The story—which comes courtesy of Tim L. O’Brien, who wrote 2005 tell-all TrumpNation—centers on one of those small, almost casual lies Trump seems to delight in first telling, and then defending with a self-certainty that borders on the maniacal. O’Brien was flying with Trump on his private jet when he noticed a familiar painting hanging on the wall of the plane: Renoir’s “Two Sisters (On the Terrace)”. Familiar with the painting from its long tenure at The Art Institute Of Chicago (where it’s been part of the collection since the early 1930s), O’Brien remarked on the copy’s presence. Trump, of course, replied that, actually, it was an original Renoir—despite the fact that, at that very moment, the original “Two Sisters” was hanging on a wall somewhere in Chicago. After going back and forth with Trump on the issue for a few minutes, O’Brien eventually backed down, and, a few days later, was treated to Trump pointedly telling other guests on his plane all about his “original Renoir.”

O’Brien told this story recently to Vanity Fair, and, admittedly, as far as Trump’s various crimes against truth go, it’s one of the smaller ones. But at the same time, the smallness of the lie—and the pettiness with which Trump then flaunted his “victory” in front of O’Brien—only emphasizes the irritation of living in this man’s America. “He believes his own lies in a way that lasts for decades,” O’Brien said on the Vanity Fair podcast. “He’ll tell the same stories time and time again, regardless of whether or not facts are right in front of his face.”

History / 'People power' for rule of law in the Philippines
« on: October 20, 2017, 02:35:47 PM »

SHIFT IN THOUGHT The president’s use of extrajudicial killings of drug users has sparked popular resistance among those who prefer rule of law and presumption of innocence.

AP Photo

The Monitor's Editorial Board

OCTOBER 18, 2017 —One gift to the world from the Philippines has been the term “people power,” or peaceful resistance in the streets against a leader’s arbitrary rule and violent suppression. In 1986, it led to a dictator’s fall and inspired pro-democracy protests in other countries. Three decades later, Filipinos are at it again.

How To Make Money Tips / How to make money in your spare time
« on: October 15, 2017, 03:43:36 PM »


Jokes and Humor / Mekanikonggoy
« on: October 15, 2017, 03:30:57 PM »

By Gaea Katreena Cabico (philstar.com) | Updated September 26, 2017 - 5:08pm

MANILA, Philippines (Updated Sept. 28, 2017, 6:29 p.m.) — Sixteen out of the 23 senators urged the government to stop the “senseless” killings, especially of children.

They filed Resolution 516 on Monday urging the government of President Rodrigo Duterte to “undertake the necessary steps to stop the spate of killings, especially of our children.”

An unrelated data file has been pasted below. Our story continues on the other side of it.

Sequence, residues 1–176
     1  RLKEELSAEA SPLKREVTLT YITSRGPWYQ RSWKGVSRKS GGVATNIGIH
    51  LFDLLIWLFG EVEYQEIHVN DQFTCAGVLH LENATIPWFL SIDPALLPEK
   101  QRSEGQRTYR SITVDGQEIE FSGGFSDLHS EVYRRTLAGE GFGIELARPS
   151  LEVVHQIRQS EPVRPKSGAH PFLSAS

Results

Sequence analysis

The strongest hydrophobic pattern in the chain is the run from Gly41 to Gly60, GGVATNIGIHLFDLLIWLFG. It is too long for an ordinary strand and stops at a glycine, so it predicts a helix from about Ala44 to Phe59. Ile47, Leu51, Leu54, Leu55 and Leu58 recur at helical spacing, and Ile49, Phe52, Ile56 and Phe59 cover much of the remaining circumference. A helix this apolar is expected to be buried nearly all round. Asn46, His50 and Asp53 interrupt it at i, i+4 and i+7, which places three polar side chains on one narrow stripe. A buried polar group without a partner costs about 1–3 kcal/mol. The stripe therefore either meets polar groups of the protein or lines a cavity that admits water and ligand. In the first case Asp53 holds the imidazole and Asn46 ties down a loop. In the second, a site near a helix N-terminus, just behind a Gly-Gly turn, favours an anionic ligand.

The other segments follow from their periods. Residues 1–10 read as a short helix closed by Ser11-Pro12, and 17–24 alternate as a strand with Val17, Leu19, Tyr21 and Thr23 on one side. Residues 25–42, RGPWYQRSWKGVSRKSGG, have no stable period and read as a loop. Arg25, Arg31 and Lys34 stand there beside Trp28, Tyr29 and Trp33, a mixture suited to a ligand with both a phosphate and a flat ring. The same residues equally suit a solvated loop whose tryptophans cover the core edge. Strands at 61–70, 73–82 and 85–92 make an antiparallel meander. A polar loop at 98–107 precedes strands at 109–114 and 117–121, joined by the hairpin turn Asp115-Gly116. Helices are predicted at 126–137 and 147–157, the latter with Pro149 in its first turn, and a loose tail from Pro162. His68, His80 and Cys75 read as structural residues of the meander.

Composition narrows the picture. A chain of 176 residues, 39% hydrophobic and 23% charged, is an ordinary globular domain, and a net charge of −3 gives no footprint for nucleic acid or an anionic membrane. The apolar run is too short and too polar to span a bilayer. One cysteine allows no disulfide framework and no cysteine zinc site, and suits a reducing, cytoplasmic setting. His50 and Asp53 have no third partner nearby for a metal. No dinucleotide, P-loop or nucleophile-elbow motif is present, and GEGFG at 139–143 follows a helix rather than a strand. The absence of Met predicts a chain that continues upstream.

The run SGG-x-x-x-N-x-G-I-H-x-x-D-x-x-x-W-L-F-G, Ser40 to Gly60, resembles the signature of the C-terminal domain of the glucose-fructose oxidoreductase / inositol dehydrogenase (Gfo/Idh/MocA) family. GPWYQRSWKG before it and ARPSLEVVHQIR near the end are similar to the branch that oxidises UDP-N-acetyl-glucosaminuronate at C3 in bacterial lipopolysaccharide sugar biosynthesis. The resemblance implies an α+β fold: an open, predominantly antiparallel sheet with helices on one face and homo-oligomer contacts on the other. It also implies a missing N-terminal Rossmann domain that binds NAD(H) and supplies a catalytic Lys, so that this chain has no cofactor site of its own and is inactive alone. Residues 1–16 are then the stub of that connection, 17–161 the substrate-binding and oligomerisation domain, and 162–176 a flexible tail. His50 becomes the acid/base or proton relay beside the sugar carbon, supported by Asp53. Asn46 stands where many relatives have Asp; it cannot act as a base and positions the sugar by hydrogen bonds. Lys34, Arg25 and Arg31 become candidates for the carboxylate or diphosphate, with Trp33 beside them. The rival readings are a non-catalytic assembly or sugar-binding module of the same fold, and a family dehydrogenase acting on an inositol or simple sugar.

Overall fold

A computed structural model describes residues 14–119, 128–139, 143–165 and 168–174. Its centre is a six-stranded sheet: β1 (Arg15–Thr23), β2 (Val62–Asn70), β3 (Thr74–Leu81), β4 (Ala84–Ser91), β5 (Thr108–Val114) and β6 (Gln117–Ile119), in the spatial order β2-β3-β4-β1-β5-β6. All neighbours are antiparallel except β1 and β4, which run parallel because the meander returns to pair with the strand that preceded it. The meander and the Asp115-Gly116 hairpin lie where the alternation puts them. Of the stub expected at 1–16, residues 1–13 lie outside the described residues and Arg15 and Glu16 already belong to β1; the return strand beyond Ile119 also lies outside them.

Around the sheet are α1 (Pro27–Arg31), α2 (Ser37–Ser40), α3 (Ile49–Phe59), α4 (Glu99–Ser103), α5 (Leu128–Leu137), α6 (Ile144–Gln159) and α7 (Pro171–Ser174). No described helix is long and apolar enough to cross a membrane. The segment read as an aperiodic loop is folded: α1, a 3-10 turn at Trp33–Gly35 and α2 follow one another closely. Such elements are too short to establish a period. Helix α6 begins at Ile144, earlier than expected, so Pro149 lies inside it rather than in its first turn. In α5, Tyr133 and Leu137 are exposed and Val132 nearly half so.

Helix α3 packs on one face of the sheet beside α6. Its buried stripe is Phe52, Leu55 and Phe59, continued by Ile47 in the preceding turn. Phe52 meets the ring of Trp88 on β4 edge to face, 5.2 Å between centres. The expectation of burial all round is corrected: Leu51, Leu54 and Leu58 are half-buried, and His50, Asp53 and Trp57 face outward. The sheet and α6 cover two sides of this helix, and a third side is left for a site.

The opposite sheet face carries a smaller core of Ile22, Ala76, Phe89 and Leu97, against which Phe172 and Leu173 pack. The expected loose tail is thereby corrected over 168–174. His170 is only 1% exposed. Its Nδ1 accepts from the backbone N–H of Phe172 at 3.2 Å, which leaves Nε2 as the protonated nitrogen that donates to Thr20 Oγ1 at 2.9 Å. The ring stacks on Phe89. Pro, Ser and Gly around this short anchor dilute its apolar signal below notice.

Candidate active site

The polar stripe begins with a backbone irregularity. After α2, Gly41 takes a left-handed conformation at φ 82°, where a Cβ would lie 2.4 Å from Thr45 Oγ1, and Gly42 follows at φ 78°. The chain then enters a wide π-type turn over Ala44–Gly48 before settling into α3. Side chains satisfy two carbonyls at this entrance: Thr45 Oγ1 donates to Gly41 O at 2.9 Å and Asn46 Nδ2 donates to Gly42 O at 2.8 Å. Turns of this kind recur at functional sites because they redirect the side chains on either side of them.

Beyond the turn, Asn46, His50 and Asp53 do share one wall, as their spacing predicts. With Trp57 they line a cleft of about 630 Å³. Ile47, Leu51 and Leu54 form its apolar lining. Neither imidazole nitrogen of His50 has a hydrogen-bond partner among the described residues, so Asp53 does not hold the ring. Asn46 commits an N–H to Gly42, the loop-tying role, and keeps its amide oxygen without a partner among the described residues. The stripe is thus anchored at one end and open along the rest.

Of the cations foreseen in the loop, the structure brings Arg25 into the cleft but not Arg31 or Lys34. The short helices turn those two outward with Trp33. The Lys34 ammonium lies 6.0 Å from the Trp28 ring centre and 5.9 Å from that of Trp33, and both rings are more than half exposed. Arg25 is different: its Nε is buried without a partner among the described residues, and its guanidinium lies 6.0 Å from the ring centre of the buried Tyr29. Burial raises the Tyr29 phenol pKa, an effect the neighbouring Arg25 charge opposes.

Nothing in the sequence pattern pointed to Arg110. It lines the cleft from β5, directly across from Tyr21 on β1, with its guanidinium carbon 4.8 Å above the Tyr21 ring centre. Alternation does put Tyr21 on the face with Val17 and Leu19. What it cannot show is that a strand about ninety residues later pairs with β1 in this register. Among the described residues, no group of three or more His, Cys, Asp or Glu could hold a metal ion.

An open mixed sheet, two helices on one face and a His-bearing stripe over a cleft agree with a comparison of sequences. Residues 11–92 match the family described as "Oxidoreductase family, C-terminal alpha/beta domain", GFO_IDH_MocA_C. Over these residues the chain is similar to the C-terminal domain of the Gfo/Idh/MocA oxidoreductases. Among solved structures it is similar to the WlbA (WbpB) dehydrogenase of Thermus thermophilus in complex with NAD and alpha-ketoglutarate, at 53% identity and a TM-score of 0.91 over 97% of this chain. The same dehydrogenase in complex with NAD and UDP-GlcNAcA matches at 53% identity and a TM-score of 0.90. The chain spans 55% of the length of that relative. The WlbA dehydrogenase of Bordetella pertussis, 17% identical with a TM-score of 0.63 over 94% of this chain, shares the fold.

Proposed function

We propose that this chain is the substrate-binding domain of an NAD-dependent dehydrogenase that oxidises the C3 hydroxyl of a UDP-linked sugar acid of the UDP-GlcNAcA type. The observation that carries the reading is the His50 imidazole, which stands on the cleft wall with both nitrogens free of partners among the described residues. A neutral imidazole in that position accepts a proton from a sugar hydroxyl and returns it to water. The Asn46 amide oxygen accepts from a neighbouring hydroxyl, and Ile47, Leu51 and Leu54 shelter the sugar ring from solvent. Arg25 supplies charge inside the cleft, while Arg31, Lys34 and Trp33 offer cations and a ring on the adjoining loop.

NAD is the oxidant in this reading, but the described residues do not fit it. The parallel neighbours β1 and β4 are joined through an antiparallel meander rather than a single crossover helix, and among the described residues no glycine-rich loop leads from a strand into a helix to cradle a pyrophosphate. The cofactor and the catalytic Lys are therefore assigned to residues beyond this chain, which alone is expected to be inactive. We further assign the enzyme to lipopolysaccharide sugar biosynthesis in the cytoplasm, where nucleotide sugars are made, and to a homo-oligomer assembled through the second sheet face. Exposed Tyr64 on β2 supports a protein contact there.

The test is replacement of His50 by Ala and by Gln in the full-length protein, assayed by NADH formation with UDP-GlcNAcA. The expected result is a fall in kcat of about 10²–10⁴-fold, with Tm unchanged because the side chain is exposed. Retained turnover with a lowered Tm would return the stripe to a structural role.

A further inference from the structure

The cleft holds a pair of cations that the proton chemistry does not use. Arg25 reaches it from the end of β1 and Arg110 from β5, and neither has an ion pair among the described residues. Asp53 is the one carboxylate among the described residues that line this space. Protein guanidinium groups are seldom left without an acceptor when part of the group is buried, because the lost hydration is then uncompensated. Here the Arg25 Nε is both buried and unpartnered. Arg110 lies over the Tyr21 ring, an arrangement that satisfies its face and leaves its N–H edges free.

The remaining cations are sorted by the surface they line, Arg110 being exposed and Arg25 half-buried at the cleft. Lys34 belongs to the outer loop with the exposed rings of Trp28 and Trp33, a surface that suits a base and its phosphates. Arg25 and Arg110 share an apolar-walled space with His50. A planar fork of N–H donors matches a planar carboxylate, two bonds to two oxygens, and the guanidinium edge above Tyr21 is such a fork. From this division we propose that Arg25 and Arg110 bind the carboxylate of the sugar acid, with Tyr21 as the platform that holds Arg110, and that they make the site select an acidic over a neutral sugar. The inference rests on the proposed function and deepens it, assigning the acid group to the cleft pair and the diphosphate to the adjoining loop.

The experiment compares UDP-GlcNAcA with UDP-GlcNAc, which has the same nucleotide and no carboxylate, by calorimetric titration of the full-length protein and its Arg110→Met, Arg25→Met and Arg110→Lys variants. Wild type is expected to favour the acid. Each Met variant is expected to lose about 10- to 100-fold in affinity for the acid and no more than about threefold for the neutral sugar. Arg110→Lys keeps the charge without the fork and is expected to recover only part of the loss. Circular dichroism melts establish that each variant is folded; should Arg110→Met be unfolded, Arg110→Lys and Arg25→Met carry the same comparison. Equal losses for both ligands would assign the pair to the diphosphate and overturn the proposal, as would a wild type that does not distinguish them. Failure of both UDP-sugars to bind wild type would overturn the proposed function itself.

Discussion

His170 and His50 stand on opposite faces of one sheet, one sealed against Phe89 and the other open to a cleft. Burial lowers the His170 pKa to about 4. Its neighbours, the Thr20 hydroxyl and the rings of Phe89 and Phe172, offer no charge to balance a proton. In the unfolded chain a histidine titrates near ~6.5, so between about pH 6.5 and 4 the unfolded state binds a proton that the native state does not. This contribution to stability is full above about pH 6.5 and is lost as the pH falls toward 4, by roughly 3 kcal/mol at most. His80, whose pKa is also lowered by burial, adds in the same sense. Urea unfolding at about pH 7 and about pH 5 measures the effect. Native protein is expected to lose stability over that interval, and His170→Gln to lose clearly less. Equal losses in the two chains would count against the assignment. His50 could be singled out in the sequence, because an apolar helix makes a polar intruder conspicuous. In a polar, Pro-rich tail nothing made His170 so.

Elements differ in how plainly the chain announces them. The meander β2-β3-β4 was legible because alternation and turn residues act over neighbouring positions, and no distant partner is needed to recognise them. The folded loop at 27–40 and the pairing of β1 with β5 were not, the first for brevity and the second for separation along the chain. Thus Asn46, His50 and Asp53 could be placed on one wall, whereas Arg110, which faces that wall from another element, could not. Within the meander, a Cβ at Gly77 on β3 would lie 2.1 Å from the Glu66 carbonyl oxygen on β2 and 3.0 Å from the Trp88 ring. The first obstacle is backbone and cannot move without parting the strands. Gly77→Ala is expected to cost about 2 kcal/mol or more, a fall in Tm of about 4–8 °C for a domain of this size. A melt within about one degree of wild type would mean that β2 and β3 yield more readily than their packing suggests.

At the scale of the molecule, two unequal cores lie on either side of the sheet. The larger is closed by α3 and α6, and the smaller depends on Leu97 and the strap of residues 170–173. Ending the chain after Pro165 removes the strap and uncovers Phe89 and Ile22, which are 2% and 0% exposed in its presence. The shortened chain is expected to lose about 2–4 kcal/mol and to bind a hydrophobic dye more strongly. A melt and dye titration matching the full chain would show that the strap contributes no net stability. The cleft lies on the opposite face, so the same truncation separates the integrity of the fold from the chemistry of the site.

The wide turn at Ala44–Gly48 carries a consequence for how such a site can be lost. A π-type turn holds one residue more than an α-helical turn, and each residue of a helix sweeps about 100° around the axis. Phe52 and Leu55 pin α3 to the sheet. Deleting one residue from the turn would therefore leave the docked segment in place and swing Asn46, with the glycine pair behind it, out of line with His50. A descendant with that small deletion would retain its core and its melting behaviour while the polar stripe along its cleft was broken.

The measure also directs the Senate to determine and address the institutional reasons, if any, that give rise to these killings.

“Due to the alarming spike in the number of children recently killed in blatant violation of their rights guaranteed by the Constitution, Philippine laws and international treaties, there is an urgent need to conduct an investigation of these senseless killings to identify the concrete efforts the government has undertaken and is undertaking to stop the killings,” the resolution read.

USA and Canada / Trump's authoritarian streak
« on: October 13, 2017, 10:28:59 AM »
Analysis by Stephen Collinson, CNN
Updated 1250 GMT (2050 HKT) October 12, 2017

Washington (CNN)When he looks in the mirror, President Donald Trump sees a strongman.

He vows to rain "fire and fury" on North Korea, admires the world's toughest leaders, calls for television networks to lose their licenses and roasts critics on an Orwellian Twitter feed.

But he's an autocrat in word rather than deed.

Trump says he wants nuclear arsenal in 'tip-top shape,' denies desire to increase stockpile
So far, America's political, judicial, military and media institutions have checked most attempts by the President to stretch his power beyond constitutional norms and to question freedoms embedded in the nation's DNA.

Tira-Pasagad | Saksak-Sinagol / Darth Vader, philanthropist
« on: October 10, 2017, 08:38:06 PM »


History / Thai King Naresuan fighting Burmese Crown Prince Mingyi Swa
« on: October 10, 2017, 10:35:57 AM »

Thai King Naresuan fighting the Burmese crown prince Mingyi Swa at the battle of Yuthahatthi in January 1593.

Daniel Hurst
October 10 2017, 12:01am, The Times

Sulak Sivaraksa has been charged because he questioned the account of King Naresuan’s battle with a Burmese prince in 1593 SAKCHAI LALIT/AP

He is 85 years old and uses a walking stick, but Sulak Sivaraksa is the latest person to face a lengthy jail term under Thailand’s strict law against offending the monarchy — or at least a king who died centuries ago.

Mr Sulak’s lawyer said that the case would test whether Thailand’s tough lèse-majesté laws protect historic members of the royal family. Mr Sulak was charged yesterday because he questioned the account of King Naresuan’s battle with a Burmese prince in 1593. The king is said to have won a duel fought on elephant-back.